Wade Cormack is the post-holder for the Royal Dornoch PhD Studentship at the Centre for History, University of the Highlands and Islands. He is completing his second year of research and writing. He is exploring early modern sport and the cultural history of the Moray Firth.
Four centuries ago on the north shore of the Dornoch Firth there was a sight to behold. Hundreds of people amassed on the sands at Portnaculter, present-day Meikle Ferry, at low tide to participate in what can be described as a folk horse-race/mass fishing expedition. An account of this peculiar practice was cemented in history by Sir Robert Gordon of Gordonstoun in A Genealogical History of the Earldom of Sutherland. Gordon explained that in the spring and summer when the streams ran into the firth at low tide, six to seven hundred of ‘the commoun sort of inhabitant doe convene on hors-bak… and so doe swim toards these sands; and when they doe aryve upon these beds of sand, incontinent they run their horses at full speed, stryveing who can first aryve at the fishing place, wher they doe indevoar, with all dilli-gence to tak these [sand eels].’ These small fish were actual sand eels. The race quickly could become chaotic and cutthroat: ‘as they doe run their horses, the rest doe tak no notice thereof to res-cue them, bot suffer them to ly ther among the horse feitt, and run on their intendit course’. Even watching the racers pounding across the beach at low timed towards the sandbanks would have been tremendously exciting.
We don’t know much about horse racing in the Moray Firth. There are just a few accounts at Tain, Inverness, Banff, Huntly and Aberdeen from the 1630s until the mid-nineteenth century. However, these events seem well organised and attracted gentlemen from a large area. The Inverness race attracted men from as far away as Inverlochy Castle, near Fort William. Each race had a silver prize for the winner. The prizes included a silver cup at Inverness (the patron unknown), a silver cup at Banff, engraved silver hilted broad swords at the Huntly and silver plate at Aberdeen provided by the Dukes of Gordon.
The race at Meikle Ferry was not quite the same as these highly organised and prestigious events. The trophies for the winner of this race were full bellies for months to come. The race for the sand eels was not just about stocking the larder. Gordon noted that ‘they tak such abundance during some few days, that it sufficeth them for pro-visions of that kind of fish during lent, and most pairt of the yeir following’. It is clear that taking the fish also served a religious purpose. Sport in this period functioned on two levels: it was exciting recreation and it provided the people of Sutherland the opportunity to gather the fish they required for this holy period. Unfortunately the history of many of these folk races has been lost, along with other folk sports, as they were part of larger events and either no record of them were created or survive. This is especially true when no official prize was given. Gordon’s account of the race therefore provides a rare window into the past demonstrating the presence of folk horse racing on the Dornoch Firth.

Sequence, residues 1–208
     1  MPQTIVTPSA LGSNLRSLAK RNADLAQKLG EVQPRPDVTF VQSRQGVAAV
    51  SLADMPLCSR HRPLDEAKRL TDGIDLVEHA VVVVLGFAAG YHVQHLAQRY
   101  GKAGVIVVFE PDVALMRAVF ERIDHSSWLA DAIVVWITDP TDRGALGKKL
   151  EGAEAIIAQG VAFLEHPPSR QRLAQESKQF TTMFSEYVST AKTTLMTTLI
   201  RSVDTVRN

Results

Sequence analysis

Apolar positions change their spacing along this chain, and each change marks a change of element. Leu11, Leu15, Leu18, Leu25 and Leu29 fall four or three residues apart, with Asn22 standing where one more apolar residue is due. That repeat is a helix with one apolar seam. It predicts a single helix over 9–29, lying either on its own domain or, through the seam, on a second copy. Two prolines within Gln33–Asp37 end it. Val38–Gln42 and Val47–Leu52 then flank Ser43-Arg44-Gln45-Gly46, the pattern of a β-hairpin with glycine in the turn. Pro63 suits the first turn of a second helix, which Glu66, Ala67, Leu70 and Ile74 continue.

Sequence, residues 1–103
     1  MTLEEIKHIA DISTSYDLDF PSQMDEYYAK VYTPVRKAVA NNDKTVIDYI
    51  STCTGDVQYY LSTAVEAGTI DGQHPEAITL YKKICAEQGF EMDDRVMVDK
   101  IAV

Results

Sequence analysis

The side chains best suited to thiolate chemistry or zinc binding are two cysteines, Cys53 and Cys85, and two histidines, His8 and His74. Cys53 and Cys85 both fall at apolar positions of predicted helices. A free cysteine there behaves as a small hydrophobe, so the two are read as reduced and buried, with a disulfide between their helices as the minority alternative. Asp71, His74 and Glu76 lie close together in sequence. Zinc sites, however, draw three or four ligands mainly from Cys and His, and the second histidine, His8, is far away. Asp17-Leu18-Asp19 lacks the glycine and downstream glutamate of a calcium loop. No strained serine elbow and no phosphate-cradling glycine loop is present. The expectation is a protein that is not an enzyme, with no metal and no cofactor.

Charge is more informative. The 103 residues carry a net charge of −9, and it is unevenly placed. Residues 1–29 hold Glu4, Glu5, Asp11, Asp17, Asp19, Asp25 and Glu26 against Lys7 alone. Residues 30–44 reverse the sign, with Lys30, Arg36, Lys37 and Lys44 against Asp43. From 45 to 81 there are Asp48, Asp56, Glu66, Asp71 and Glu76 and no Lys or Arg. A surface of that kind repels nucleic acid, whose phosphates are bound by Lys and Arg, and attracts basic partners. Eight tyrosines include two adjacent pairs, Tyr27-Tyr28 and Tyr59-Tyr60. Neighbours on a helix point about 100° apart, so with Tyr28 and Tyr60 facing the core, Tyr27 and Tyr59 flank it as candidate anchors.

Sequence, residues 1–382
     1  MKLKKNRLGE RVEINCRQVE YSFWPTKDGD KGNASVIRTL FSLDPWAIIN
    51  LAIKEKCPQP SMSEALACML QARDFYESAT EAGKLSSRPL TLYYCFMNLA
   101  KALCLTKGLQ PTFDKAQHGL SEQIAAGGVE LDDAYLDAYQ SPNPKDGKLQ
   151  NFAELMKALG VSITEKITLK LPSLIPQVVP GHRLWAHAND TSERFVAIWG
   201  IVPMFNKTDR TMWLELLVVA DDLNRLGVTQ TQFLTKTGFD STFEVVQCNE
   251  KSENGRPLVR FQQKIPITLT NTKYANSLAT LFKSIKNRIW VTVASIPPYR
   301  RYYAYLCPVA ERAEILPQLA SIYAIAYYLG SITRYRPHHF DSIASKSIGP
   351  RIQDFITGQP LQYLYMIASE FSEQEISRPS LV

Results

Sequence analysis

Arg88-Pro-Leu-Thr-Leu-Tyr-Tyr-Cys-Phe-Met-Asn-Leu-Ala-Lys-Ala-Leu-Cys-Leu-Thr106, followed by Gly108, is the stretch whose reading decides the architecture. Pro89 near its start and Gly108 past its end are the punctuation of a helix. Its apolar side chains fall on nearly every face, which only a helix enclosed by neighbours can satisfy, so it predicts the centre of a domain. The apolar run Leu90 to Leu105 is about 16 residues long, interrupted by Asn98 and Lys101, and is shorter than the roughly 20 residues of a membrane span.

The sands at Meikle Ferry were not the only location for horse racing. Gordon provides a little hint of forgotten races on the links at Dornoch. As ‘about this toun… ther are the fairest and largest linkes… of any pairt of Scotland, fitt for archery, goffing, ryding, and all other exercise; they doe surpasse the feilds of Montrose or St Andrews’. Across the Firth, the Tain links were also a site of horseracing as well as golf up until the mid-nineteenth century. After that part of the links were ploughed. Just as elsewhere around the Moray Firth, the people who lived around the Dornoch Firth were very active horse racers. At Meikle Ferry the invigorating recreational pursuit was interwoven with the celebration of Lent, and fish, rather than silver, was the prize. The frenzy of activity at Portnaculter, leaving deep hoof prints in the mud, was an exciting community occasion. Was it sport induced madness or an extreme fishing expedition? I am sure for participants it was both, as the galloped at full speed towards the best fishing spots leaving the neighbours behind.
Robert Gordon, Genealogical History of the Earldom of Sutherland from its Origin to the Year 1630: with a Continuation to the Year 1651 (Edinburgh, 1813).
Black’s Picturesque Tourist Guide to Scotland (Edinburgh, 1852).
William Mackay (ed.), The Chronicles of the Frasers: The Wardlaw Manuscript…The True Genealogy of the Frasers 916-1674 (Edinburgh, 1905).
Papers of the Gordon Family, Dukes of Gordon (Gordon Castle Muniments), GD44, National Archives of Scotland.